This story does little to promote good landlords or tenants.
To use this example is completely wrong related to Residential Tenancy.
- The Landlord admits in the article that it (premise) was used for business purposes. Therefore it is not a residential tenancy, but a commercial tenancy and sits outside of the RTA 1986/2016
- Failure to monitor a business activity has its own set of compliance problems.
- The premise was clearly not fit for the purpose of operating a business.
- What contractual relationships did the Landlord have with the business tenant?
- Did both parties, as PCBU’s, have appropriate processes in place?
- Was the local council aware of the business use by both parties?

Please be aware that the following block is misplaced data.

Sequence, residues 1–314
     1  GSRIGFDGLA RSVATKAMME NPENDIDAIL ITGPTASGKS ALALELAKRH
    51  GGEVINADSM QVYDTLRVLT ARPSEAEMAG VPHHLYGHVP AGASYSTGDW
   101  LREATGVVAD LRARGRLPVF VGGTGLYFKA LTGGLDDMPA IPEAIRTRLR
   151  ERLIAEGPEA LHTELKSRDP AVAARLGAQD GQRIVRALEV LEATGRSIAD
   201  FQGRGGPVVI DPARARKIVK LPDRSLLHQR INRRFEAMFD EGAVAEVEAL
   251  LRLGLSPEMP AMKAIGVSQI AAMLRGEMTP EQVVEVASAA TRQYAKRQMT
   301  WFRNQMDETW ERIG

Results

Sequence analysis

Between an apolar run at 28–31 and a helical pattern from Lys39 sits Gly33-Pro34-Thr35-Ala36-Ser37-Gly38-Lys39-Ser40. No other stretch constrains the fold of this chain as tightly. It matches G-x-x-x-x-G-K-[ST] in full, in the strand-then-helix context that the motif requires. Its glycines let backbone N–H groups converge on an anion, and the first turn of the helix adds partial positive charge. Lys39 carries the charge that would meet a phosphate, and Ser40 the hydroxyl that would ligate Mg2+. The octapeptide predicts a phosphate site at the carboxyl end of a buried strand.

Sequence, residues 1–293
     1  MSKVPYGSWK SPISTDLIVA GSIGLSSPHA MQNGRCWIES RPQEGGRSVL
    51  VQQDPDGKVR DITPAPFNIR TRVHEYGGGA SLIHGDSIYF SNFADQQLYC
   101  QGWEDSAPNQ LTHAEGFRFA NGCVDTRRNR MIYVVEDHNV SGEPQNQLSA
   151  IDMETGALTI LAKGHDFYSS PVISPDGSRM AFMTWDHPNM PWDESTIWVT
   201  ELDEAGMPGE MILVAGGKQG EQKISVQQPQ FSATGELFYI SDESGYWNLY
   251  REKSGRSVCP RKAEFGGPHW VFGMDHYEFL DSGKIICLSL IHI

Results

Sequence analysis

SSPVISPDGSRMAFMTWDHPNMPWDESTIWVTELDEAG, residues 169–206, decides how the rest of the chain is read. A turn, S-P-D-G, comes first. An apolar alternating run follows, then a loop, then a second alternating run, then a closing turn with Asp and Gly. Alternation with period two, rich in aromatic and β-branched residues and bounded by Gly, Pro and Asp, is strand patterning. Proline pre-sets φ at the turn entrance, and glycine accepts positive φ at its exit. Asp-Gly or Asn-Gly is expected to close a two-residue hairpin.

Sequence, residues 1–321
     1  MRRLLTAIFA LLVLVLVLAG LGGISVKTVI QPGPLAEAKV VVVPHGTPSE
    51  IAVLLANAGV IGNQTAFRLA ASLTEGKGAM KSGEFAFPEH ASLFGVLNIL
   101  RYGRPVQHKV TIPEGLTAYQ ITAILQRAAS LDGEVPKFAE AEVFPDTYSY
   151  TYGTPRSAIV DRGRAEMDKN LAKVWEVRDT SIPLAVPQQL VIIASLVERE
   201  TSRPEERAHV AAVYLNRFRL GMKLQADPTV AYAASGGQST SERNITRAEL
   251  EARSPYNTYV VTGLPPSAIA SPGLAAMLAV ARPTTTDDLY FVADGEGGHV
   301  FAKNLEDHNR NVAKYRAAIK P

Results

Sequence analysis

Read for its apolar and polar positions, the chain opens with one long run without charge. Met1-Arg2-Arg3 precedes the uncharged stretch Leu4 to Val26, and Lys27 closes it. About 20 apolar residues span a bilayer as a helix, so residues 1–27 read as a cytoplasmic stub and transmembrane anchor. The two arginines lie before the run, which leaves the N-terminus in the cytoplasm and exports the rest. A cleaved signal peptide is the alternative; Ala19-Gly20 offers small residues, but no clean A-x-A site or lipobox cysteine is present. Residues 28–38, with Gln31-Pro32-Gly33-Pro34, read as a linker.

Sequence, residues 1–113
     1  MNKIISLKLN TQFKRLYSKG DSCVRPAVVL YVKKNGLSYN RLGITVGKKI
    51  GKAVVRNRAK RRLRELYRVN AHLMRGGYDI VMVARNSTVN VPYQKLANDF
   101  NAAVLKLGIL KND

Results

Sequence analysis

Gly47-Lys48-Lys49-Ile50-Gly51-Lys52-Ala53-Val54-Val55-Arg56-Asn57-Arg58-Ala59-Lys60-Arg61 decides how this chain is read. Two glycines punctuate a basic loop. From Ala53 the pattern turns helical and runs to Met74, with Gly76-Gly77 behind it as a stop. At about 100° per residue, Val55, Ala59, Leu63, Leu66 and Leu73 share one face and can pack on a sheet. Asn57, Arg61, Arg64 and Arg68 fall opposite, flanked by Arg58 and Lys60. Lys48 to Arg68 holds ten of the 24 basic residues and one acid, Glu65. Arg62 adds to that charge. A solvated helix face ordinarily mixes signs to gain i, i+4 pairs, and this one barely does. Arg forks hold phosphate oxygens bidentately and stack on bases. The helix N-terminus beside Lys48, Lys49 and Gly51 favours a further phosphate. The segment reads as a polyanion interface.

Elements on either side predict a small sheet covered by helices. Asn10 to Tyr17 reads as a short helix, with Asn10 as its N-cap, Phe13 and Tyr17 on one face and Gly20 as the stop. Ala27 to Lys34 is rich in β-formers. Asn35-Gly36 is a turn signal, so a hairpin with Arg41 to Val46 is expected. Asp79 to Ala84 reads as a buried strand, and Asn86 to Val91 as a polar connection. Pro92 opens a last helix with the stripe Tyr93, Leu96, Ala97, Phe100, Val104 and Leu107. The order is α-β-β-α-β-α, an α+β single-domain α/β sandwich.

- Was IRD informed of the non-residential status?
- Was the insurance company advised of the change of activity?
- If a Property Manager managed it, what processes did they have in place for renting a business premise?
- What advice did the Landlord obtain before allowing the premise to be used as a business?
The reporter is this case did not do their homework, at its most basic level, to determine if the premise was in fact, a Lawful Residential Premise.
Of the more than 180 comments on the article only one raised the issue of the type of tenancy.
Instead, the comments came from across the sector on who was right or wrong as it related to a residential premise.
This type of inaccurate reporting does little to improve the relationship between Landlords and Tenants who, on the most part just want to get on with a positive relationship.
It also serves as a reminder for all Landlords and Tenants to do their due-diligence before entering into any contract.
-General Manager, Graham Roper